“The net injection of the PBOC is intended to calm the nerves as the market worries about Evergrande,” said Eugene Leow, senior rate strategist at DBS Bank Ltd in Singapore. “Although the aim may be to impart discipline, contagion into the real economy or other sectors must also be prevented.”

The need to calm market volatility is urgent given the losses in China-related stocks worldwide in recent days amid concerns over Evergrande’s debt problems.

Evergrande failed to make interest payments to at least two of its largest bank creditors on Monday, the Bloomberg news agency reported on Tuesday, citing people familiar with the matter. The missed payments were expected after China’s housing ministry said the company would not be able to pay on time, Bloomberg said.

As investors and policymakers around the world tried to gauge the potential impact, Securities and Exchange Commission (SEC) chairman Gary Gensler said the U.S. market was in a better position to withstand a potential global shock from failure of a large corporation when it was before 2007 -2009 financial crisis.

Means to increase the position

Federal Reserve Chairman Jerome Powell is likely to be asked about the aftermath of Evergrande when speaking after the Fed’s two-day meeting, which ends Wednesday at 2 p.m. ET (1800 GMT). The Federal Reserve is commonly referred to as the Fed.

Despite the threat of default, some funds have increased their positions in recent months. Fund giant BlackRock and investment banks HSBC and UBS are among the biggest buyers of Evergrande’s debt, Morningstar data and a blog post showed.

Other bond holders are UBS Asset Management and Amundi, Europe’s largest asset manager.

In either default scenario, Evergrande, wavering between a chaotic meltdown, a managed collapse, or the less likely prospect of a Beijing bailout, will have to restructure bonds, but analysts expect a low recovery rate for investors.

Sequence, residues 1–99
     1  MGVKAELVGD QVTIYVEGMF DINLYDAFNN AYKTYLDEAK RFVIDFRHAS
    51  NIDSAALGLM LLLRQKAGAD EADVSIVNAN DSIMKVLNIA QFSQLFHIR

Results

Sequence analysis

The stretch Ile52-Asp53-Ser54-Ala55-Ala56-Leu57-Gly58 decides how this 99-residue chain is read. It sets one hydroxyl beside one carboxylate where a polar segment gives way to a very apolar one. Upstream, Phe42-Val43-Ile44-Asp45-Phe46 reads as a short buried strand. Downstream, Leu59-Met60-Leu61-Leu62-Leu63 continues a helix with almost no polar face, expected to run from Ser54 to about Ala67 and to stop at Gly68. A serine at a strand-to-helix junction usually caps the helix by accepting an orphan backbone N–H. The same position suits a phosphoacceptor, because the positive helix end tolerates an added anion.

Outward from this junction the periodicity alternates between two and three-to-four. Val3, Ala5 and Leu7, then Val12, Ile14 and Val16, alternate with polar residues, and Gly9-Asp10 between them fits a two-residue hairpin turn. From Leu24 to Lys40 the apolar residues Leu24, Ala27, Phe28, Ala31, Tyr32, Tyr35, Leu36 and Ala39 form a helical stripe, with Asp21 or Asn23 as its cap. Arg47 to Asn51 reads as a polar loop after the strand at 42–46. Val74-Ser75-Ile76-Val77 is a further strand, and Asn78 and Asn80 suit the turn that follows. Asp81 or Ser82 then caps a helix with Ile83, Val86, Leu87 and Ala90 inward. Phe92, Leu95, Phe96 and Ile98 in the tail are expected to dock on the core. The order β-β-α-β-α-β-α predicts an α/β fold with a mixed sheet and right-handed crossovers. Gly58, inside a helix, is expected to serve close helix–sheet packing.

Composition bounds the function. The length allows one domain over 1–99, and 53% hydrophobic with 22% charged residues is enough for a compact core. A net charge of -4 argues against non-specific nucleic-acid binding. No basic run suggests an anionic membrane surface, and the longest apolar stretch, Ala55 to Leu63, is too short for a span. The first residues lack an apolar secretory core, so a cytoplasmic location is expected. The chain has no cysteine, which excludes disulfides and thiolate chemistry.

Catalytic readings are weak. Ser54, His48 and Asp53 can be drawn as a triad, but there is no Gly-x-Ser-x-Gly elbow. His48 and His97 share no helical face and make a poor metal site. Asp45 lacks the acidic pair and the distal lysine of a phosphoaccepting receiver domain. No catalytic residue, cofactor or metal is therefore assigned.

S&P Global Ratings said on Monday that it assumes that the Chinese government will only act in the event of widespread contagion with systemic risks to the economy.

“I would characterize Evergrande as a wired and controlled detonation,” said Samy Muaddi, the portfolio manager of the $ 5.1 billion.

BNP Paribas, in a research report, estimated that less than $ 50 billion of Evergrande’s $ 300 billion in outstanding debt is funded by bank loans, suggesting that the Chinese banking sector will have a sufficient buffer to absorb potential bad debts.

Subsidiaries of Citigroup Inc are acting as trustee and paying agent for a China Evergrande bond that matures in March 2022 and matures on Thursday at $ 83.5 million in interest.

“We have no direct credit exposure to Evergrande; Our indirect exposure to counterparty credit risk is low and does not show a single significant concentration, ”Citigroup spokeswoman Danielle Romero-Apsilos said in an email on Tuesday. She declined to comment on Evergrande’s proposed payments.

Evergrande’s Hong Kong-listed shares fell as much as 7 percent on Tuesday after falling 10 percent the previous day amid fears that if their $ 305 billion debt collapsed, its $ 305 billion debt could cause widespread losses in the Chinese financial system could trigger. The Hong Kong Stock Exchange was closed on Wednesday for a public holiday.